Area of a Circle



In order to teach finding the area of a circle, I used and modified a couple of activities out of the “Hands on Math” book. Look under the “Resources” tab for a picture and review of this book. It is an excellent resource. Before I teach finding the area of a circle, I first teach my lesson on finding the circumference of a circle. Doing this, they are already familiar with pi and know that it is “three plus a little bit more.” The first activity we do is called “Circle Cover-Up.”  For this activity, the students are groups of two but they each do the activity themselves. The reason for pairing them is so that they can watch the other person to make sure they are doing the activity correctly. In the “Hands on Math” book, there are black-line masters of the pages I use. You print the pages out in two different bright colors so that they stand out. Below is a picture of the two pages we use. One is a centimeter grid and the other is two different sized circles with a radius drawn and tick marks to show the measurement of the radius.

I tell the students to cut out squares that have the same side length as the length of the radius. For example, if the radius is five units, then you would cut out a square that is five units long and five units wide. I usually go ahead and tell them to cut out four of those five by five squares out. They are actually suppose to cut each of the larger squares into the smaller squares and place each individual square on the circle. I found it much easier and less time consuming to have them cut the larger squares into strips or as big of pieces as they can. They are to glue these on the circle and make note of how many larger squares it takes to fit on the circle. This is kind of difficult and the students won’t all get the same answer. Most usually only fit three on the circle. This is fine because I look through the class and find the best example to show the students that they should have been able to get three larger squares plus a little bit of the fourth square.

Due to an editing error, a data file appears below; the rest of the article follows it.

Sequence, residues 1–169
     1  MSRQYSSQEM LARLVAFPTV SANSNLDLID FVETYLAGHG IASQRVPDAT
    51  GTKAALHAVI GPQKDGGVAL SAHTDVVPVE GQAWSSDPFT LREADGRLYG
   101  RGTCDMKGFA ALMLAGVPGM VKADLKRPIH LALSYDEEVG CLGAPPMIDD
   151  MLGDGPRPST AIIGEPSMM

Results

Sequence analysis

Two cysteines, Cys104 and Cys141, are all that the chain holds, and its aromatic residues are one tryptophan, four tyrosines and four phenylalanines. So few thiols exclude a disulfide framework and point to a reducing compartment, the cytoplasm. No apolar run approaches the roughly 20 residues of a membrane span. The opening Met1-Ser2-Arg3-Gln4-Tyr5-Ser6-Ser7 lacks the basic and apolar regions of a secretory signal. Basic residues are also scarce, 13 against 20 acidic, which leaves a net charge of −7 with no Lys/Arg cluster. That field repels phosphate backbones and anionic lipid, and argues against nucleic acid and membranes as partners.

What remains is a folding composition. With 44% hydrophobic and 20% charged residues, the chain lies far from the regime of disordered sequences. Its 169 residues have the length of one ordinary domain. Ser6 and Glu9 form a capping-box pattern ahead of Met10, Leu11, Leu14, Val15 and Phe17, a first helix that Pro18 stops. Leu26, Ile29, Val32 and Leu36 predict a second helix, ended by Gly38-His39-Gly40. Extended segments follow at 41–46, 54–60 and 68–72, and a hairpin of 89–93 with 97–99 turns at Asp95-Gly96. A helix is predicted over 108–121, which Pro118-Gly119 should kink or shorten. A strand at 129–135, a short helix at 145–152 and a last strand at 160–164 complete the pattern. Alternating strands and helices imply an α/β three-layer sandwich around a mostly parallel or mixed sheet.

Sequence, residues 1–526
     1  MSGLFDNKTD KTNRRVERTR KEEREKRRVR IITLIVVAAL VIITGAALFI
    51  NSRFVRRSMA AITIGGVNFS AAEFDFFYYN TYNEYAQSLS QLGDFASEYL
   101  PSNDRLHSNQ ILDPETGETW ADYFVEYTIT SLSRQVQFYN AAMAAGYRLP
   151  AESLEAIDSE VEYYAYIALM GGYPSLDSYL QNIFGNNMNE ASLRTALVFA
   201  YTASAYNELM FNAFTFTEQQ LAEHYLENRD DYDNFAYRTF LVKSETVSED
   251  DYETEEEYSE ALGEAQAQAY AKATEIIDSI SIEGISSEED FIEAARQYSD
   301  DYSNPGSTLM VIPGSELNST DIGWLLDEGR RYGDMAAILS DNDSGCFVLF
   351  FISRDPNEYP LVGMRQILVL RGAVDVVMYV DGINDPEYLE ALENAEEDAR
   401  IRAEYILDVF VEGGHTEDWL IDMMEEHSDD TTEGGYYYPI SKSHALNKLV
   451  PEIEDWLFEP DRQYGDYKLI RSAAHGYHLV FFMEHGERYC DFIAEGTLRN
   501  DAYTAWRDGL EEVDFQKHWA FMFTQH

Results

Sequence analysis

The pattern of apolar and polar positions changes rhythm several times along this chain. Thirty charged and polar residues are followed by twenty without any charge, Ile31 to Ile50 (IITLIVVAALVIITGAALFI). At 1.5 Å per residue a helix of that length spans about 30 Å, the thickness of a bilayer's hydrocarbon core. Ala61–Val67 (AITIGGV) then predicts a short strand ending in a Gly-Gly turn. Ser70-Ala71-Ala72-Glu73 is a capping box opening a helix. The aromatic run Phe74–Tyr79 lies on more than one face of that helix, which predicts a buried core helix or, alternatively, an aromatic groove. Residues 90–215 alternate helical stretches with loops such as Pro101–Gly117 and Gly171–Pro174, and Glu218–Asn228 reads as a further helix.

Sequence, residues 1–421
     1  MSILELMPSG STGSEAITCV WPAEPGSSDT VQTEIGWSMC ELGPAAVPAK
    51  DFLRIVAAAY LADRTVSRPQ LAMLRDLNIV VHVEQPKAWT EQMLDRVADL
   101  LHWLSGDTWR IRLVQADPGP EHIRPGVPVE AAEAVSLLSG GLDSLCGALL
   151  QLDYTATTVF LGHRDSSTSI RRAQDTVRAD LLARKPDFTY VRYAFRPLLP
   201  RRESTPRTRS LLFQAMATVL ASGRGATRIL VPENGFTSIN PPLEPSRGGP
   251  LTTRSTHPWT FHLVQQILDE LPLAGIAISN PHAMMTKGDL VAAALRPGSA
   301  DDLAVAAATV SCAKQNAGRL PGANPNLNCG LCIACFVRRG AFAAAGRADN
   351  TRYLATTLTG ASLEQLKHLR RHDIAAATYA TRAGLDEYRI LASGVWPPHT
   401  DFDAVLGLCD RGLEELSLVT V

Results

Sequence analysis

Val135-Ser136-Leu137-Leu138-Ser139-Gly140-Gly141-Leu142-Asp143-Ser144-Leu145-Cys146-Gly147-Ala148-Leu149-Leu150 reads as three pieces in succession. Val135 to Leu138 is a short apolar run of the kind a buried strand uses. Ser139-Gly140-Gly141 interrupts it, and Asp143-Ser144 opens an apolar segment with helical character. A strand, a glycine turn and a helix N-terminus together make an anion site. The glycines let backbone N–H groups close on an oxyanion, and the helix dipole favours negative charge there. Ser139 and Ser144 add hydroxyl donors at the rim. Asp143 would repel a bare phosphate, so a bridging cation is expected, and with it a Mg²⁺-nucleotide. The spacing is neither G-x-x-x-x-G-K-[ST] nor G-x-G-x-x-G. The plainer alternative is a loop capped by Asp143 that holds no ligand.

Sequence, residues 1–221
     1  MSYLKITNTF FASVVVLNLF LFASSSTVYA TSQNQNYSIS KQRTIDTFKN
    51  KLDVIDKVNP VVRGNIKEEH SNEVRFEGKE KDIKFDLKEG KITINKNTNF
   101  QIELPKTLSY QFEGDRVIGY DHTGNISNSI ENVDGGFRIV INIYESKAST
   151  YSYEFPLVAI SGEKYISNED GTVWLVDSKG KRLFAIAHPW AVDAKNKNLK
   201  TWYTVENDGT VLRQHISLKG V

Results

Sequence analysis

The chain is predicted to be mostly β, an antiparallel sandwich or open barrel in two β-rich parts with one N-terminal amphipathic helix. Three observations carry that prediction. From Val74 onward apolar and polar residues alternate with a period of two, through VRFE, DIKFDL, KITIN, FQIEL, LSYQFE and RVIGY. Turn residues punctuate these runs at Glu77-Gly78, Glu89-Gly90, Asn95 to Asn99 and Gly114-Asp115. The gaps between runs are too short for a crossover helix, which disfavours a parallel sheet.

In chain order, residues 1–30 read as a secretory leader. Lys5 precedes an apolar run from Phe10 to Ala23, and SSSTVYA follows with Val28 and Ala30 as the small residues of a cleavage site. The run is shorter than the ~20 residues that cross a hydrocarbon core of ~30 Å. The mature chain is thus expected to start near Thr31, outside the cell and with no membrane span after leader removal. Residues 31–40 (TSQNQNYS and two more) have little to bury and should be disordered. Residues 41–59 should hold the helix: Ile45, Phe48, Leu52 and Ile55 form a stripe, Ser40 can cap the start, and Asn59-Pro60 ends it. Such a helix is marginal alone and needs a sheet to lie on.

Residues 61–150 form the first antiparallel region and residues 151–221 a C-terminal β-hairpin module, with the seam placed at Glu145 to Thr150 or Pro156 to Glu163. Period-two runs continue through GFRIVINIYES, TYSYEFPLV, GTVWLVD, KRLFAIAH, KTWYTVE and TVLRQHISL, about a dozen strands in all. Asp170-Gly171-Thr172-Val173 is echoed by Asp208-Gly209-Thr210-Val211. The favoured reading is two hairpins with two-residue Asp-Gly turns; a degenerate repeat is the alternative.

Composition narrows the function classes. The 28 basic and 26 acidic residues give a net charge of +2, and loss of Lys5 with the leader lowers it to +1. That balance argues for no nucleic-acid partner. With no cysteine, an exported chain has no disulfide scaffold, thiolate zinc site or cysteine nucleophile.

The students are to do this with the second circle on the page. That circle has a radius of four, so they are to cut out squares that are four by four. Again the students should use three squares plus a little bit of the fourth one. I ask them if they remember that from learning circumference. By now the students have already figured it out that pi has something to do with it. I draw the following diagram on the board using the measurements from the first circle.

I explain to them that the meaning of the area of a circle is how many unit squares will actually fit onto that surface. I then draw an example of the squares we just did on that same circle. I know, I know, I am no artist, but the kids get the point of my drawings.

I ask them how many small squares are in the one larger square on that circle. They say twenty-five and I make sure they understand they easily find this by taking the side times the side. I question them and make sure they understand that the side length is also the same as the radius. I then draw that same square on the other three sections of the circle. I ask them if we actually was able to fit all four of those large squares on the circle. No, then how many? Three plus a little bit more. What do we call that three plus a little bit more? Pi. Very good. So if there are twenty-five in one square then there would be twenty-five in each of the other squares too right? How many big squares were we able to fit on? Pi. How did we calculate how many small squares were in the big square? Side length times the side length. How did we determine the side length? The radius. So you could also say the radius times the radius. So if there are twenty-five small squares in this large square, how many are there in another larg square? Twenty-five. How many in the other large square? Twenty-five. So how many altogether in those three large squares? Three times twent-five which is seventy-five. Did we use all four squares? No. Three plus a little bit more. Sooooooo…… I could find out how many little squares there are on the circle if I took the radius times the radius times three plus a little bit more (pi). We also call radius time the radius, radius squared (sorry, I can’t make the little squared number so I’m just going to have to write it out.). So we could make our formula…… A = r^2 * pi. Wow, that was quite a dialogue I just had with myself. I hope it didn’t confuse you. Maybe reading a few times will help you. It’s much easier when I’m teaching it to actually human beings who respond back to me. I hope you got the main point of it and are able to use this information in your classes.